6. Reinforce any small directional baby steps in the right direction the leader inadvertently shows. Reinforcement from below can be highly effective if it is sincere. You can actually shape the behavior of your boss by frequent reminders of the things he or she is doing right.

It is a rare leader who will admit, “Our performance is far off the mark, and since I am in charge, it must be that my behaviors are preventing people from giving the organization their maximum discretionary effort.”

Those senior leaders who would seriously consider this statement are the ones who can find ways to change through training and coaching. They are the ones who have the better future.

Most toxic leaders will remain with their habits that sap the vital energy from people and take their organizations in exactly the opposite direction from where they want to go.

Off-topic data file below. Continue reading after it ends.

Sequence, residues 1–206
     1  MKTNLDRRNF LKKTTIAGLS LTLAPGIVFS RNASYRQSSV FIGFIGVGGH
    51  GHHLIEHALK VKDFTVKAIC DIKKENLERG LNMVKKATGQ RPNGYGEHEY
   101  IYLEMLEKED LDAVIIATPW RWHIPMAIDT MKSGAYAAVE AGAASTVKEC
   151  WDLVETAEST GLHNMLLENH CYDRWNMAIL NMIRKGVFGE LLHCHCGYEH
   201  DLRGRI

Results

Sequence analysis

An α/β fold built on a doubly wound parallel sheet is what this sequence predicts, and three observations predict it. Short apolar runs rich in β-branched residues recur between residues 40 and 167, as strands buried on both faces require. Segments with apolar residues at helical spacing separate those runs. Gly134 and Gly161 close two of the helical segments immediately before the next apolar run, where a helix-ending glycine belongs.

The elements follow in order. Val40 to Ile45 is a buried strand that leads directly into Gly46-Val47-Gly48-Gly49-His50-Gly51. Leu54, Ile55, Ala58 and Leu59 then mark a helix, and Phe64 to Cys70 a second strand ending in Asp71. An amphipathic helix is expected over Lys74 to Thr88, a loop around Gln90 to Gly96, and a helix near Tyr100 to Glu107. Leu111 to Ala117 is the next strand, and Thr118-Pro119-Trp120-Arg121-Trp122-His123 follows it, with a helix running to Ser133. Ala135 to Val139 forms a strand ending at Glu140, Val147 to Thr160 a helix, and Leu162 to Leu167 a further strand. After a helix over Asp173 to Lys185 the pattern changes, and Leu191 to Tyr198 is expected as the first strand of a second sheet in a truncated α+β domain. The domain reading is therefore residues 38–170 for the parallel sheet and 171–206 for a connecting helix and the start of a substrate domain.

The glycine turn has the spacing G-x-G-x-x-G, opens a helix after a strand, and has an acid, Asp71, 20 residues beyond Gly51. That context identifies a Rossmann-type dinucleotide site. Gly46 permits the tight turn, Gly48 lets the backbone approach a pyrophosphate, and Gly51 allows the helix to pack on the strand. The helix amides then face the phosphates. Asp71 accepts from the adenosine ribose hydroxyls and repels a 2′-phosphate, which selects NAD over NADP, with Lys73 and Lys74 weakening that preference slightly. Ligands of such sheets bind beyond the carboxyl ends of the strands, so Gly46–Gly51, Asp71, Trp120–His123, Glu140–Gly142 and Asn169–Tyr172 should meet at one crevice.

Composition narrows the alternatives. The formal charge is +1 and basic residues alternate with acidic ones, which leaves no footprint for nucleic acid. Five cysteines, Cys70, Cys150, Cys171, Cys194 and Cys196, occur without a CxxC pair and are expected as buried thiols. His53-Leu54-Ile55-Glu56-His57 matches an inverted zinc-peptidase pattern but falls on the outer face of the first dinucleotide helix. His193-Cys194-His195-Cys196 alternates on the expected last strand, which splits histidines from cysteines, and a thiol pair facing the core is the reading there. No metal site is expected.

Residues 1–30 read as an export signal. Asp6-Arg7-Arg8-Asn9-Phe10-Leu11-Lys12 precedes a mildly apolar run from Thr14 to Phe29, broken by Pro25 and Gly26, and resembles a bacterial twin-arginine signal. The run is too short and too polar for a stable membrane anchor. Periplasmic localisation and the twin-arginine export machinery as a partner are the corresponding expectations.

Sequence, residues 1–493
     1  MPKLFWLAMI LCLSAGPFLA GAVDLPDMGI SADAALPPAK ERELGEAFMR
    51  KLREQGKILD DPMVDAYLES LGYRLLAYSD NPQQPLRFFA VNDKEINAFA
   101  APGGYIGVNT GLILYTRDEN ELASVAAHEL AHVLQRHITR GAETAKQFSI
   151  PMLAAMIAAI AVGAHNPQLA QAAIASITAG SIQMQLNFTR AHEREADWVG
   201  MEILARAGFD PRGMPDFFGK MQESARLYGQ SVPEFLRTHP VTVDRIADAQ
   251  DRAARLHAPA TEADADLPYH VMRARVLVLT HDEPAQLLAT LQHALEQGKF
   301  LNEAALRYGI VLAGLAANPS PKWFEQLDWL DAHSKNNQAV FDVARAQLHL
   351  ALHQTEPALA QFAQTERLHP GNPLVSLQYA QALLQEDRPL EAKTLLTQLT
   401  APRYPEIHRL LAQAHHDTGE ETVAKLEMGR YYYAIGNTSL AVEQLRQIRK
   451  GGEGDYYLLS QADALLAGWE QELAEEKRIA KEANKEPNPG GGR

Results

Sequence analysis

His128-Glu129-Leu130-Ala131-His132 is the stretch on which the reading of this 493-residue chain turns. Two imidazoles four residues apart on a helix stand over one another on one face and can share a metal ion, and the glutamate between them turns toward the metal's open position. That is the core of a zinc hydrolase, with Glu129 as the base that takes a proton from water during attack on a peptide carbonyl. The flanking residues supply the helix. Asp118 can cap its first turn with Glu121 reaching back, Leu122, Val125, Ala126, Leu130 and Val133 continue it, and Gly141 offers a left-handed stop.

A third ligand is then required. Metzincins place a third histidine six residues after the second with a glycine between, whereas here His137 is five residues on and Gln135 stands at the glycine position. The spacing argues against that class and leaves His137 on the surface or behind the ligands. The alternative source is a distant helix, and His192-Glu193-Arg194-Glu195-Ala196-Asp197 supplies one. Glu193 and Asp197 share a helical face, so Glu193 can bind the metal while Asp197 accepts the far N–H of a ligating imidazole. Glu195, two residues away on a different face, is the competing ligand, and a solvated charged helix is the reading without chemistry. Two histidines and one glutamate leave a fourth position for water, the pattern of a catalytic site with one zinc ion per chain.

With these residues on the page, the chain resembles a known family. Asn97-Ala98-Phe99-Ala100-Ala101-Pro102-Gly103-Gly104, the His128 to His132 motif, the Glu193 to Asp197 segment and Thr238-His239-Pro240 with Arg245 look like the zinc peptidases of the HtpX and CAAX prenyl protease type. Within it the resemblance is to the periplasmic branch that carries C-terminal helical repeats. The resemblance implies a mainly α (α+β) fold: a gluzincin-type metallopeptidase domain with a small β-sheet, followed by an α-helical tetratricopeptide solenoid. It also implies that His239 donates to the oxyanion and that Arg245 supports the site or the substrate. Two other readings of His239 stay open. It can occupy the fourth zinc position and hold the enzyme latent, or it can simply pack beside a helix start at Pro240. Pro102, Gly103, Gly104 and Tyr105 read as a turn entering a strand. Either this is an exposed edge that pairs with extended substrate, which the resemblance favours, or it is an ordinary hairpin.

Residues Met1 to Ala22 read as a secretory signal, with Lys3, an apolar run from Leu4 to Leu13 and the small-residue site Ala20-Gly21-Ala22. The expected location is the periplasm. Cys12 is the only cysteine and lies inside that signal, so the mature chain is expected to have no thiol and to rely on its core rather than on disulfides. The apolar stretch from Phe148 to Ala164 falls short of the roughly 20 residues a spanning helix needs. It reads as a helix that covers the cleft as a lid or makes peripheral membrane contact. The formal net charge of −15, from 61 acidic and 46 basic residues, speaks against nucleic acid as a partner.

Another key reason why toxic leaders fail to see the opportunity staring them in the face is a misconception about Leadership Development. The typical comment is, “We are not into the touchy-feely stuff here. We do not dance around the maypole and sing Kum-ba-yah while toasting marshmallows by the campfire.”

The problem here is that several leadership training methods in the past have used outdoor experiential training to teach the impact of good teamwork and togetherness. Senior leaders often feel too serious and dignified for that kind of frivolity, so they sit in their offices and honestly believe any remedial training needs to be directed toward the junior leaders.

To reduce the impact of a toxic leader, follow the steps outlined above, and you may be able to make a large shift in performance over time while preserving your job. You can even use this article as food for thought and pass it around the office to generate dialog on how to chart a better future for the organization.